In return, the Mexicans are not stingy either little advantageous clichés. They call the Americans a commanding, arrogant and arrogant people, without culture and history. American visitors are disrespectfully addressed as "gringo". The term most likely comes from the war, when the invading US soldiers in green uniforms were asked to piss off with “Green go!”. And the Americans don't speak a word of Spanish.
Nonetheless, are the USA is also a great role model. Many Mexicans glorify the United States, prefer to support an American football team than a local football team, moviegoers look forward to the latest Hollywood blockbuster, Coca Cola is by far the favorite drink of Mexicans, hamburgers and hot dog street stalls compete with tacos. American sports cars are just as popular as American branded clothing and electronic gadgets. A trip to Las Vegas, Los Angeles or New York is a lifelong dream.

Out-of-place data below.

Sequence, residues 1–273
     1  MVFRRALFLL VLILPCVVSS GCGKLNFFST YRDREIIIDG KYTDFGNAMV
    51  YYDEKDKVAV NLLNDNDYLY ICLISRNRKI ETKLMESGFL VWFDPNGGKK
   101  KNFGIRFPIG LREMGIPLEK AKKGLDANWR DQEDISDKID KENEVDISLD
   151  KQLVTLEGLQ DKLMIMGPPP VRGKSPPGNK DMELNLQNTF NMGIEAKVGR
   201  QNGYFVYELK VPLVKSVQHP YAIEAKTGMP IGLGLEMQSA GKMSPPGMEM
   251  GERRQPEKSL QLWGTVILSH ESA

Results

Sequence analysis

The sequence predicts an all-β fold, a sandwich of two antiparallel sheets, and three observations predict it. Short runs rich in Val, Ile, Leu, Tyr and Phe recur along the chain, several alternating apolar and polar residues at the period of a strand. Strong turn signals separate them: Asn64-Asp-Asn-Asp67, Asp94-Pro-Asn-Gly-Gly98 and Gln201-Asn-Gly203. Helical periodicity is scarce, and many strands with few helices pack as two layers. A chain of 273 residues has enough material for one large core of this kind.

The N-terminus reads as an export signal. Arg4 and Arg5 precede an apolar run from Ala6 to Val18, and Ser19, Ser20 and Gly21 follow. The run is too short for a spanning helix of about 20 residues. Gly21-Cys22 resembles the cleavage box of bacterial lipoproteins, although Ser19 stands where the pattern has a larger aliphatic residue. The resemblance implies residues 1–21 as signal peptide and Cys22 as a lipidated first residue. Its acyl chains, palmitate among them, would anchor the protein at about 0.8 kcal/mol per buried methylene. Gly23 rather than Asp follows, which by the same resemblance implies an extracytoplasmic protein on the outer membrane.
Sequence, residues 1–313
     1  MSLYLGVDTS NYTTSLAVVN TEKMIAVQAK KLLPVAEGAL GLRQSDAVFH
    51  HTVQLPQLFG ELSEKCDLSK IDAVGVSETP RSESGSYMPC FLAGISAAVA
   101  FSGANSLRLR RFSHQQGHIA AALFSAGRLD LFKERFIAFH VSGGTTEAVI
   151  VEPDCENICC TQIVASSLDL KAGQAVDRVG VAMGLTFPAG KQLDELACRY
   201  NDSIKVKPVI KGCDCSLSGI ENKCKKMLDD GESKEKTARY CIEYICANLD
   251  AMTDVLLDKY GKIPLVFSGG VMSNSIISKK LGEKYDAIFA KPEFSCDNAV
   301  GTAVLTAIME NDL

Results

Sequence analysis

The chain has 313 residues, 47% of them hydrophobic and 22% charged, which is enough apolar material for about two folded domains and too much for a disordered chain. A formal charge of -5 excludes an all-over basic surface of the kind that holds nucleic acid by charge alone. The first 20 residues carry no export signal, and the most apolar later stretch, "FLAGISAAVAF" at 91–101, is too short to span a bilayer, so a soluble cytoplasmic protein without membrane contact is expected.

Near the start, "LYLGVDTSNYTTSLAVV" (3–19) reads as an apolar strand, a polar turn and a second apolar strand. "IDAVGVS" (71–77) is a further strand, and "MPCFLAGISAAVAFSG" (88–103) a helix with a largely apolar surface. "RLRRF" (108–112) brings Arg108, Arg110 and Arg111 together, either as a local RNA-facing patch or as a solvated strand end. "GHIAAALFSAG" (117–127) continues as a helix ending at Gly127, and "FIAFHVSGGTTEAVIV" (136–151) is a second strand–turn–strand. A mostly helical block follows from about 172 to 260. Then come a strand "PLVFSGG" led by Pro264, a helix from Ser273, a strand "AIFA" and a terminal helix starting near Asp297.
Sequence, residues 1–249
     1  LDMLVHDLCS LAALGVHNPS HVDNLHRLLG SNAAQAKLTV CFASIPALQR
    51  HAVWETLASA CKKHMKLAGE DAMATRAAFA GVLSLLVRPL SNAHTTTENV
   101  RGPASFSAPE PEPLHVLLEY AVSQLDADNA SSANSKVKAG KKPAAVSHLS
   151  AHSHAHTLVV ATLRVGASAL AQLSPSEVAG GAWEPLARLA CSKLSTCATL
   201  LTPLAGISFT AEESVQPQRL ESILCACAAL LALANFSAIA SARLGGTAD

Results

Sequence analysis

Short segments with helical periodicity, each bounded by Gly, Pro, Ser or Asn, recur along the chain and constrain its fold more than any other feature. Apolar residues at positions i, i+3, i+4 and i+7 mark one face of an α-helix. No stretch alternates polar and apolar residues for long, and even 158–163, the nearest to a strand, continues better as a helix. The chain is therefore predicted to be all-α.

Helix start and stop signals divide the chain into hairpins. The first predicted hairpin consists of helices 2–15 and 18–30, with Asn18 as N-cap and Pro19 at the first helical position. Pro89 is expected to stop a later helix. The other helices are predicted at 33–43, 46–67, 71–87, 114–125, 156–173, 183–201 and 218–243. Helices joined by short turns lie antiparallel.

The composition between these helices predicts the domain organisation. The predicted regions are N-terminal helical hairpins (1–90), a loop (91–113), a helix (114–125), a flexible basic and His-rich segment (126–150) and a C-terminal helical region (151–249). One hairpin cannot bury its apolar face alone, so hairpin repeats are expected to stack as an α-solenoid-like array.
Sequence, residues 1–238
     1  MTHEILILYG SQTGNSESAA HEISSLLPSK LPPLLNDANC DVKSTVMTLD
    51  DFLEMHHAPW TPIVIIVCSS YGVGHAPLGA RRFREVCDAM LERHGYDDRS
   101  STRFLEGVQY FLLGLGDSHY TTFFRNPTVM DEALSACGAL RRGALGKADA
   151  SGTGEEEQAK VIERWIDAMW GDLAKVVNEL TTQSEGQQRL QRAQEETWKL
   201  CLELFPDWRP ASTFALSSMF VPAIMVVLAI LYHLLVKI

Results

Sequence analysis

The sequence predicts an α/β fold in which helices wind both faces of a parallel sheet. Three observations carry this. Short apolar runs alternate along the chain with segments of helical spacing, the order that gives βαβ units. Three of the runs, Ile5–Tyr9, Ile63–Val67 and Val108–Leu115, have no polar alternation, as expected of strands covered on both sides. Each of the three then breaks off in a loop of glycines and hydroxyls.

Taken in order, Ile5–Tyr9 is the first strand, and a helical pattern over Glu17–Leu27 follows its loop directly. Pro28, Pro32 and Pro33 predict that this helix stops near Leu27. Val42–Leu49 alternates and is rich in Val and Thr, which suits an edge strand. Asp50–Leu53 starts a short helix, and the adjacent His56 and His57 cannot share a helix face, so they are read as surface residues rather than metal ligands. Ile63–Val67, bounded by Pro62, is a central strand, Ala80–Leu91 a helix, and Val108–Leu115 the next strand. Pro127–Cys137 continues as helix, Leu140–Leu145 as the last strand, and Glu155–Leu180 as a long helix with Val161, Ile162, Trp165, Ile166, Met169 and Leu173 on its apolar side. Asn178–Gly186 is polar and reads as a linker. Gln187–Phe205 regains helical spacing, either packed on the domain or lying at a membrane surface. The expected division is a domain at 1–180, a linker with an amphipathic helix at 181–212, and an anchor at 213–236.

Vice versa Millions of American tourists travel to Mexico. From a short day trip to shopping across the border, to cultural trips or simply a beach holiday on the wonderful Mexican beaches along the Pacific coast or near Cancun and the Riviera Maya in the Caribbean.
History and the Niños Heroes
They left a deep wound in the Mexican-American relationship Acts of War in the 1840s. Despite their numerical superiority, the Mexicans under General Antonio López de Santa Ana lost the war against the USA after bitter fighting. These penetrated as far as the capital, Mexico City. With patriotic pride, young soldiers tried to defend themselves against the defeat at Chapultepec Castle. The fighters, later called “Niños Heroes” (heroic youth), are still revered and celebrated today and many street names and monuments commemorate the historical event. The government at the time probably only wanted to distract from the facts. Mexico thus lost almost half of its territory. The states of California, Texas, New Mexico, Utah, Colorado and Arizona were annexed by the USA with the flimsy argument that it had to free the population from the "bad Mexicans".